Two Poems

by Mary Kennan Herbert.


Long Shot

My brother barbecues steaks for our dinner
outside on his apartment's little balcony,

overlooking a pristine California alley where
poinsettias are growing wild.  Christmas weeds.

A one-legged jay perches on our terrace railing,
waiting for handouts.  Tame as a parrot.

Every Friday evening in Santa Monica,
new Californians make a sacrifice of steaks outdoors,

in homage to being here, not where they used to be,
in our own Hollywood backdrop on Pacific time.

Here the sun is always warm on my tourista arms.
"Wait till you feel the fearsome Santa Ana winds,"

my brother smiles.  He unveils a new mythology.
The beef sizzles.  The sun dazzles.

The intense California sun fires up my desires:
a sunset as perfect as a painted sky in a movie

gives us a backdrop for the grill, gulls
overhead, leering Royal Palms, and the hungry jay.

My brother points west: "Twelve blocks straight ahead,
the Pacific Ocean.  It's right over there."

Later, looking for the sacred sea, I crossed streets
in Santa Monica, marveling how traffic comes

to a synchronized halt.  Now that's power.
Do not abuse it here in paradise.


My mother wrote that she hated living in St. Louis.
"That dirty, grimy city!"  Well, it wasn't Gay Paree.  Non,
St. Lou-eee was a gateway well known for its smog-shrouded
winter air.  Probably reminded her of Mr. Death, not too pretty,
his baggy sleeves coated with coal dust.  His scythe needed a shine.
She preferred childhood summers on a farm in Tennessee,
where she and her brothers frolicked and roamed free, gamboling
through unmown fields.  Summer was eternal.  Warming to her
nostalgic reverie, she relished ticking off the names of her brothers,
sharers of rural mischief.  Their shrine was the family barn,
built of rough-hewn logs, virgin timber.  It stood more than
a century, until torn down to make space for a new highway.  After
Viet Nam.  Priorities change.  Jersey cows, the team of mules,
a trio of dogs, one for each boy.  All gone now.  The brothers,
full of tricks, hiding from her, up in the haymow.  All gone now.
One died young.  Jeff.  Her favorite, of course.  Jeff, the Good One
(listen to Billy Joel on this issue), plucked suddenly before he
could enter seminary.  He wanted to be a minister; held two jobs
all through his last, hot summer so he could buy new clothes
worthy of the study of theology.  Packed them neatly
in a brand new trunk, and then expired.  Meningitis.  They
could hear him moaning with pain two floors down, he lay curled
like a baby in his hospital bed, like a fetus, like an unborn lamb.
O God, why him, my mother cried, why take away the boy,
the boy who loved to run barefoot from the first of May,
the boy who loved animals, baseball, and each new day.  I
never knew this uncle, the perfect branch of the family tree,
the one she praised and mourned all her life.  How could the other
two brothers ever compete with a sweet memory like this one?
The oldest was Clinton, solemn, intelligent, terrible-tempered,
who enjoyed wrestling all comers into Weakley County dust,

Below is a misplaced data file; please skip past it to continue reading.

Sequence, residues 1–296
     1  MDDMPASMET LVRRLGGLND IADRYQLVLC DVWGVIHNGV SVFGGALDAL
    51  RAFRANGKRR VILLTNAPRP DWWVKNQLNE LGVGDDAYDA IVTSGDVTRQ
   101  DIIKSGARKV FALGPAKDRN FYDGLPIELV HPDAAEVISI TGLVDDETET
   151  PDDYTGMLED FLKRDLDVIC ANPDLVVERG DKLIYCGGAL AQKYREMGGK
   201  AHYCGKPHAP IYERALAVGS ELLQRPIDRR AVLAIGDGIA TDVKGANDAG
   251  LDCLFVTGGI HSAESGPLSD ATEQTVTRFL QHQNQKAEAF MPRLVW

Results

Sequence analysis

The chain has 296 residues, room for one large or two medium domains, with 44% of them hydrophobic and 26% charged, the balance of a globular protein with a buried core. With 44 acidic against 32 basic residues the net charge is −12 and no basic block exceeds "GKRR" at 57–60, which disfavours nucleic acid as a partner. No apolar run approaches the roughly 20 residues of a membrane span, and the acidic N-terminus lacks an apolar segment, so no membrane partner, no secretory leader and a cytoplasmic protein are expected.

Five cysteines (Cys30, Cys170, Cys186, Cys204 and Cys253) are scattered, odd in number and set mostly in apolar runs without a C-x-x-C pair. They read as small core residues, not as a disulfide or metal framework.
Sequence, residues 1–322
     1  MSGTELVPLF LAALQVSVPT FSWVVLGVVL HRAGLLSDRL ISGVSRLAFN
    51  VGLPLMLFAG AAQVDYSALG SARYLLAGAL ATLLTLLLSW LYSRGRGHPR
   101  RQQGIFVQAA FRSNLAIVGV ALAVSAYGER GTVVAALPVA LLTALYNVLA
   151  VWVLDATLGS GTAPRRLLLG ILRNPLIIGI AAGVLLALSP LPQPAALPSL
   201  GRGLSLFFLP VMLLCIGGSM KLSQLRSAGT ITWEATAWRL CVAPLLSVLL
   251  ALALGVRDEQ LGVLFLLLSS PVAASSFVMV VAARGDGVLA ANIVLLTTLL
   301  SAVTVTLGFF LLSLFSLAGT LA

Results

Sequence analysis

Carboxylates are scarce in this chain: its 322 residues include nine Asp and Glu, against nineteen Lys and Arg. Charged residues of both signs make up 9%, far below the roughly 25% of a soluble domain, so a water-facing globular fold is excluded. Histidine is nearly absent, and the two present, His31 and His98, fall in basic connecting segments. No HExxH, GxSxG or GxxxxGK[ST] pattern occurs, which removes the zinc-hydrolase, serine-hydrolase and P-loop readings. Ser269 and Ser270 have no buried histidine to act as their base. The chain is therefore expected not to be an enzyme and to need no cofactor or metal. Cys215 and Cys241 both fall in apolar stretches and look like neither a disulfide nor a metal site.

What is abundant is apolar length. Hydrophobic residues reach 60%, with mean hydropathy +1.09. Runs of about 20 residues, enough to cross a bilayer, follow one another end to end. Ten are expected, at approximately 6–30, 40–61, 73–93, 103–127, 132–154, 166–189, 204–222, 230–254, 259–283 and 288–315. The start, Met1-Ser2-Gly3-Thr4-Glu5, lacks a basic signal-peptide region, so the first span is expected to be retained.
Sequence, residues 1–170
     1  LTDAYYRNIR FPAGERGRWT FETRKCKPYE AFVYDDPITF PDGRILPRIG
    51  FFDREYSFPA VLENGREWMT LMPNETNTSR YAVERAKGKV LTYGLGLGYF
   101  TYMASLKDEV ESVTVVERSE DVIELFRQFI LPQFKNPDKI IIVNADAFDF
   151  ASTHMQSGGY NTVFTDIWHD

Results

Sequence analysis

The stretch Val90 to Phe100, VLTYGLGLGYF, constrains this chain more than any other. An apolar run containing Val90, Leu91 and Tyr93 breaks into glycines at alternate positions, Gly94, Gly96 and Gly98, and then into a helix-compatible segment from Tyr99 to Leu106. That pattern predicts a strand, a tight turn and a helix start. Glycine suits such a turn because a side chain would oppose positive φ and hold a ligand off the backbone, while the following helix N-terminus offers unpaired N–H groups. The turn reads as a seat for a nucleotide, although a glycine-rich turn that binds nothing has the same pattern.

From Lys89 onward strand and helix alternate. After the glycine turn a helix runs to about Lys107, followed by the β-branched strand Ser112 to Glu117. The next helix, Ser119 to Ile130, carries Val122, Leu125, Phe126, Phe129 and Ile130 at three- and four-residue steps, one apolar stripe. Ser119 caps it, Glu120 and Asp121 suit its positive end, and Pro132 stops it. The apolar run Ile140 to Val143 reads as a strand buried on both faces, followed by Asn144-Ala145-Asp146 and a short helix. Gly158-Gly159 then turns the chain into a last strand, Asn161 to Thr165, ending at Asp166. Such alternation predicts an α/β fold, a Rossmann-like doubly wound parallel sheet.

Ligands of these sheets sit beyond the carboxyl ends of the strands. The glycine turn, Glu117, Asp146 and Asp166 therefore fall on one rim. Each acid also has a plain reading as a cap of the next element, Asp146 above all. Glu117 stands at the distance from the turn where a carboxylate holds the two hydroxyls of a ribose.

red clay and Mississippi mud.  Clinton read the Bible too, mastered
his temper, tamed his thoughts, but turned inward, not out.
Prayerful, tight-lipped, honorable.  Playing his cards close
to his chest, sturdy, a pillar.  Not preacher material, but
who knows.  He kept his lawn fertilized, well sown, trimmed.
He was not afraid of Mr. Death.  His son heard the Call,
became a man of the cloth, spreading the Word through
grimy cities, telling about a man born in a barn.  Then,
there was Wayne, the brother who always made her laugh,
center of their countryside buffoonery, whose highest calling
was the art of waiting.  A waiter.  Uncle Wayne showed us
showmanship, the art of fine dining in a good restaurant.
How the napkin is draped over the waiter’s arm, just so.
How the waiter bows ever-so-slightly in deference when
presenting caviar or, in our house, beans.  Bon appetit!
Uncle Wayne explained nuances of French cuisine,
described the chef's specials à la française, revealed
secrets of many a menu.  Beans!  C'mon!  Made us laugh.
Do you think St. Lou-eee is some backwater?  Le H20
stagnante?  There is a French heritage here on the banks
of the Father of Waters.  Chouteau!  Let me tell you about
sauces, the secret of French chefs.  Wayne's country-boy eyes
gleamed.  The sauce is everything!  Saucy kids in the hayloft.
Dare you to climb up, they yelled at Mom, age six.  You’ll
get ticks on you, she cried out in retaliation.  Maoooo,
lowed the cowed cows, heavy with milk and ideas.  Veal,
stated Wayne, should have a light sauce, light as a summer
nightie.  Uncle Wayne!  How could you!  Tsk tsk, said someone
in the shadows.  Do waiters always wear tuxedos, we asked.
Do waiters always look like penguins?  A waiter is proud
of his heritage, said Mon Oncle Wayne.  Formidable!
Sometimes he would play ragtime on St. Louis pianos in bars
downtown, he had talents in other places, other times.
Fancy hotels.  Remember the Chase-Park Plaza.  Remember
the name, think of elegance.  Later, leaky faucets.  Peeling paint.
Cows give milk.  Calves become veal.  Some live, some die.
Up in the haymow, who could predict ministry, waiting tables,
painful death?  Teeth clenched, eyes locked on yours.
My mother would forgive him of anything, even his divorce,
his small vices, because he was the brother who could
make this poem finally smile.  Ah, he could bow with style,
sing too, his imagination carrying him swiftly from hay
to hey, you remind me of a French movie I saw, years ago.


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